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What happens when the U.S. Small Business Administration Tech Coalition brings together Constant Contact, Facebook, Google, and Square? A free, live stream workshop to help small businesses make the most of the holiday season of course. Join us on November 1st, from 12 pm to 2 pm ET, as we share the latest tips and tricks to be found online by holiday shoppers this season.
Can you believe it’s time to start planning for the holiday shopping season already? You may think it’s too soon, but with big shopping days like Black Friday (Nov. 24), Small Business Saturday (Nov. 25), and Cyber Monday (Nov. 27) coming up in November, you’ll want to start planning your email marketing content now. In particular, you’ll want your email content to be share-worthy.
With the holidays fast approaching, now’s the perfect time to start planning to have your best holiday season ever. But how will you know if you actually did any better with your email marketing when the holiday season is over? Whether you’re looking to increase sales or donations, it’s best to take a look back so you can set realistic goals for this year.
When it comes to measuring digital marketing, it’s important to remember that your small business clients only care about the impact your actions are having on their business. Overburdening them with leading indicators such as likes, shares, and followers should never be your end goal. It should always be clear how these metrics are leading to a business result.
Holidays, already? If you’re the type that likes to plan ahead, absolutely. There’s no better time than now to start thinking about how you’ll take advantage of the biggest spending season of the year. Let’s make sure you get your piece of the holiday pie. Join us for a free webinar, How to Have Your Best Holiday Season Ever, for more tips on holiday email marketing.
Ready for your scary stat of the day? 80 percent of marketers struggle to demonstrate the effectiveness of their marketing spending, campaigns, and activities. How is this possible? You’ve probably heard the marketing mantra: If you’re not measuring, you’re not marketing. But let’s be honest. You’re busy trying to complete work for existing clients, reach new clients, and s ...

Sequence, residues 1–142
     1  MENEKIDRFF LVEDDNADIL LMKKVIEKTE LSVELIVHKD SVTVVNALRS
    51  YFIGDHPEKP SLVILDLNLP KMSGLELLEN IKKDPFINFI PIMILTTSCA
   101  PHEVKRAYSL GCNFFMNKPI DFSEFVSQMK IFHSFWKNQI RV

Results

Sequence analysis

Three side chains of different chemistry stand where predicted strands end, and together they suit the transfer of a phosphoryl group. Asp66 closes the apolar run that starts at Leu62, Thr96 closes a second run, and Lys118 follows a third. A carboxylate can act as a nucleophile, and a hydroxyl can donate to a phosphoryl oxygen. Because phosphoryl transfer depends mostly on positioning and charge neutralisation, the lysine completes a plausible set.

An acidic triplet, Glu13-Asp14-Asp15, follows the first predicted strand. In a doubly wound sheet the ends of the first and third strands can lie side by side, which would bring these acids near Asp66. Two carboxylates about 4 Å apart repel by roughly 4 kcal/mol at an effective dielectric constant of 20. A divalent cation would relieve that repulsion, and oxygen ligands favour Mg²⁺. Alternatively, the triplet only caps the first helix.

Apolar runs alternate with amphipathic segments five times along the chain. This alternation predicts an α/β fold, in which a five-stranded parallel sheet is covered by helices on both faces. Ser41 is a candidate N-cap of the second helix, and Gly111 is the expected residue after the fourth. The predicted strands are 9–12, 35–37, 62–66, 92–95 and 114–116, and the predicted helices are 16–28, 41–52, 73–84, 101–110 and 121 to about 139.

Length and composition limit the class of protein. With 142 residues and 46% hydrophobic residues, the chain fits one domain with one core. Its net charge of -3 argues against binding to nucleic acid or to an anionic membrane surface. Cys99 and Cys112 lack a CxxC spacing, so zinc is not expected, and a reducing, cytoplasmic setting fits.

Holly Furgason is motivated by many things, but comfort isn’t one of them. As the owner of Blue Sparrow Pilates, Holly has learned how to overcome major challenges — from dissolving a business partnership to weathering a major financial crisis. Listen as she shares what it takes to keep a business running for over a decade and how to build a loyal audience.
You’ve decided to use a survey or poll to learn more about your audience. Now all you need to do is to write your survey questions. Sounds easy enough, doesn’t it? But beware. There are some common mistakes that are easy to make even on the simplest of questions. Use the following list as your guide to help avoid these possible pitfalls. 1. Write questions that are simple and to the point.
Want to get more clients for your agency? It’s not always as easy as you’d like. When you’re focused on providing quality marketing services for your clients, it’s easy to let your own marketing slip through the cracks. It doesn’t help that smaller agencies rarely have the resources to hire a dedicated Business Development Manager and most new leads take months to convert.
You’ve decided to give up on being a generalist marketing agency. You’ve seen that generalist agencies have a hard time differentiating themselves in a competitive market. And you’re ready to stand out with your specialties, attract more quality clients, and increase revenue for your business. Now, you’re left with one big question.